In late March, as NATO bombs rained across Kosovo, Justice Louise Arbour of the Hague-based International Crim inal Tribunal for the former Yugoslavia (ICTY) faxed a letter to Slobodan Milosevic and 12 other senior Yugoslav officials. "Sir," the letter read. "It is my intention to investigate all serious violations of international humanitarian law that merit prosecution in the international forum, particularly those involving attacks on the civilian population." Arbour encouraged each man to do everything in his power to "prevent the commission of further crimes" and to "punish any of your subordinates who commit serious violations of international humanitarian law in Kosovo.
Three days later, Serbian troops completed the "ethnic cleansing" of Pristina, the capital of Kosovo; forced another 13,000 Kosovars across the border into Albania; and ventured into Macedonia to take three American servicemen hostage. During the next week, Serbian military and police forces intensified their campaign to empty Kosovo of non-Serbs, sending hundreds of thousands of ethnic Albanian women and children over the border while, according to many press reports, pulling aside fighting-age men to be quietly executed.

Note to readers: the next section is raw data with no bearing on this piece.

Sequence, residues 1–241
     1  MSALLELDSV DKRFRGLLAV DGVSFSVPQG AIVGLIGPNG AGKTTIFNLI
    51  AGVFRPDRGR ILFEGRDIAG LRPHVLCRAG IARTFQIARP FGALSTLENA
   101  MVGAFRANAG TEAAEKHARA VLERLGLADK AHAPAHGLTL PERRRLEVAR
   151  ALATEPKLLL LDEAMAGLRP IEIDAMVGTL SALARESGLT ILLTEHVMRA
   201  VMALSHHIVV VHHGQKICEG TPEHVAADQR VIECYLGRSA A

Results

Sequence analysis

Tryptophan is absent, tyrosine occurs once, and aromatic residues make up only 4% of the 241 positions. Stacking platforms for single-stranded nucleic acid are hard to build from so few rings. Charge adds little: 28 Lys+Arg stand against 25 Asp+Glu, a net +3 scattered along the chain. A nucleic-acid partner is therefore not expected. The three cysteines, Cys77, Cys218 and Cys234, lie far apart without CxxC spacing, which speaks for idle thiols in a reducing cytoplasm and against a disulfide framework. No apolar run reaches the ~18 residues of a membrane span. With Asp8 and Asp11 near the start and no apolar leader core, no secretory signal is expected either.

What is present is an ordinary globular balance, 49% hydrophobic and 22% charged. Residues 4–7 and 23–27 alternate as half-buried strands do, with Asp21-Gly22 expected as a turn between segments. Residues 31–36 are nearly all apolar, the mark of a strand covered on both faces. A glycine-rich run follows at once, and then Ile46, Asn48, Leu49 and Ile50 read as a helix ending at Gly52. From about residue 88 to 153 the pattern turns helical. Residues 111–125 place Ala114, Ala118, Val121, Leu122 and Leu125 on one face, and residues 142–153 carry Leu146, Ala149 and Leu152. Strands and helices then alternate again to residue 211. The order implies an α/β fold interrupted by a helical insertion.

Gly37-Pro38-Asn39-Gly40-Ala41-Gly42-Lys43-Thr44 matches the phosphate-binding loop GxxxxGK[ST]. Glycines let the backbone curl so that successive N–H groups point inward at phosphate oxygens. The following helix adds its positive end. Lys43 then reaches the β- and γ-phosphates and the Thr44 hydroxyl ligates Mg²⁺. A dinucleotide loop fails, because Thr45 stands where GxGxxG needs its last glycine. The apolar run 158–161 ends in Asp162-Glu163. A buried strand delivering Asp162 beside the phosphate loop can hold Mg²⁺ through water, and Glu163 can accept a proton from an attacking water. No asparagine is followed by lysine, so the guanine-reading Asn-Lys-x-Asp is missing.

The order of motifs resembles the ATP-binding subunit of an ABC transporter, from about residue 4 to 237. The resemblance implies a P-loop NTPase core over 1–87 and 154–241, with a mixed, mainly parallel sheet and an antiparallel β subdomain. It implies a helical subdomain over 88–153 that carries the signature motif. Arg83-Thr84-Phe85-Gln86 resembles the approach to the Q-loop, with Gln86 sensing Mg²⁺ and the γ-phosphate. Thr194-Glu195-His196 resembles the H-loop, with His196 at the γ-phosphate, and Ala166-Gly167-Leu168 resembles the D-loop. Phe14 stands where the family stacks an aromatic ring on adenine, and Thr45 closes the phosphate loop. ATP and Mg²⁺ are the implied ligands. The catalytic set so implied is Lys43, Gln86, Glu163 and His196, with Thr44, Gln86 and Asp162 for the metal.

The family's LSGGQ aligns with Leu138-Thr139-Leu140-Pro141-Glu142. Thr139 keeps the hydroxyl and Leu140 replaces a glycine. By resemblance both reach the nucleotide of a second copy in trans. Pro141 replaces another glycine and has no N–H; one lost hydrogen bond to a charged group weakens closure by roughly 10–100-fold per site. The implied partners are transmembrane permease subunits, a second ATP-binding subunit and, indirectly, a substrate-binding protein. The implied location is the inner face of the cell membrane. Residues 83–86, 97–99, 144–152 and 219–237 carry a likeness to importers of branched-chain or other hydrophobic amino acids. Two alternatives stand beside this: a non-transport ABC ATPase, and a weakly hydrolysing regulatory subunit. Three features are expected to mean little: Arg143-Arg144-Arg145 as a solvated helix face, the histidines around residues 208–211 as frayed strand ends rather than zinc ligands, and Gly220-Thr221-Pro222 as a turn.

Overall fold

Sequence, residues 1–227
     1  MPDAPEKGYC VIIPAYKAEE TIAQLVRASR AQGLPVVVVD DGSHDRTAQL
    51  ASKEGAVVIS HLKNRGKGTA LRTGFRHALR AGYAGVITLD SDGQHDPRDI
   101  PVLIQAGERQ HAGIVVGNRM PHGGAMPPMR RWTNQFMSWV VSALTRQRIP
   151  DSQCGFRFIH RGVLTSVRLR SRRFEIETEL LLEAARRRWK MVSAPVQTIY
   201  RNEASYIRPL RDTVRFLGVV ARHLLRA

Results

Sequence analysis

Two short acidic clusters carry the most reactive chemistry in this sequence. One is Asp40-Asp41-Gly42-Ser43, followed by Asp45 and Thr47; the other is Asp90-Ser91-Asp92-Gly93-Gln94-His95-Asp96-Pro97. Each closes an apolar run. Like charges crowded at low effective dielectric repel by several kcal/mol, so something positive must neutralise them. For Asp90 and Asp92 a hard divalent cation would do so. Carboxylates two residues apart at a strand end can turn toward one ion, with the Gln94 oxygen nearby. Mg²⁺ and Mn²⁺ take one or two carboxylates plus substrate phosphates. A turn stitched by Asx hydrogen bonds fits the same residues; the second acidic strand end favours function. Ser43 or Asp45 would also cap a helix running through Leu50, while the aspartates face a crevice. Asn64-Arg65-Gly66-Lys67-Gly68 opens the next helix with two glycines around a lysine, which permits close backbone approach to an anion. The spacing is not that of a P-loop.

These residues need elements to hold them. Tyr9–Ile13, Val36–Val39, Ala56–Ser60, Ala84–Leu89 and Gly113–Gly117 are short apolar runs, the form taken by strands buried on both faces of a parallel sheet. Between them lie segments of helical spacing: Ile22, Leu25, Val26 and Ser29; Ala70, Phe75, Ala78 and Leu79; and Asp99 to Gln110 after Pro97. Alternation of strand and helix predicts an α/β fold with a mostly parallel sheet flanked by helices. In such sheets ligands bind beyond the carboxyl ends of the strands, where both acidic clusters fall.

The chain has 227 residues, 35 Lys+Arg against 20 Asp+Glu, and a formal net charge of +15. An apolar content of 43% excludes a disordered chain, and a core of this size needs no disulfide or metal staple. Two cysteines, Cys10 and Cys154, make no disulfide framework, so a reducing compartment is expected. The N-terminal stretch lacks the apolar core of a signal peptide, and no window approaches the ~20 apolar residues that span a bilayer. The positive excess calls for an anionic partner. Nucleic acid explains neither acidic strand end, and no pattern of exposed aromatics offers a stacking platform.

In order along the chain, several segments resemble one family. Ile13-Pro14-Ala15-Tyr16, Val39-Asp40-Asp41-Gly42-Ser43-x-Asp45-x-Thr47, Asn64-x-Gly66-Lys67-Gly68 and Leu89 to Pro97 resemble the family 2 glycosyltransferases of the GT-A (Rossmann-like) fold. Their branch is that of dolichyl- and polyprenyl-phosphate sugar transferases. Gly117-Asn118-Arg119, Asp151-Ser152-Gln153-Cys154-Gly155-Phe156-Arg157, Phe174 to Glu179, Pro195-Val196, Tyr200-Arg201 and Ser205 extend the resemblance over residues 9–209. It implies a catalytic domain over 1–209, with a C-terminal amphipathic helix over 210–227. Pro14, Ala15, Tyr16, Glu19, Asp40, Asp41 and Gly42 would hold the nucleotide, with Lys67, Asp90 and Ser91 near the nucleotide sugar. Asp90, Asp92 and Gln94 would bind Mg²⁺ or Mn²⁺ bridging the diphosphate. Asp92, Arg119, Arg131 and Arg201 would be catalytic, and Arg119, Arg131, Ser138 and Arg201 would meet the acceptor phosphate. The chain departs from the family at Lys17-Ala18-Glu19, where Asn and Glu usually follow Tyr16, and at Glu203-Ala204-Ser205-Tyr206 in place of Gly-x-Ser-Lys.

It would be an understatement to say that Arbour's letter failed to sway the Serbian leadership. Rather, the tribunal's veiled threat was irrelevant—to the Serbian leadership, to NATO military planning, and to the foreign policy considerations of the Allied nations generally. But beyond illustrating the limits—and, perhaps, fai lure—of the existing regime of multilateral treaties and international tribunals designed to prevent and punish mass violence, the tribunal's lamentable impotence raises another disturbing question: not just whether such international tribunals can punish perpetrators of gross human rights abuses, but whether they even should.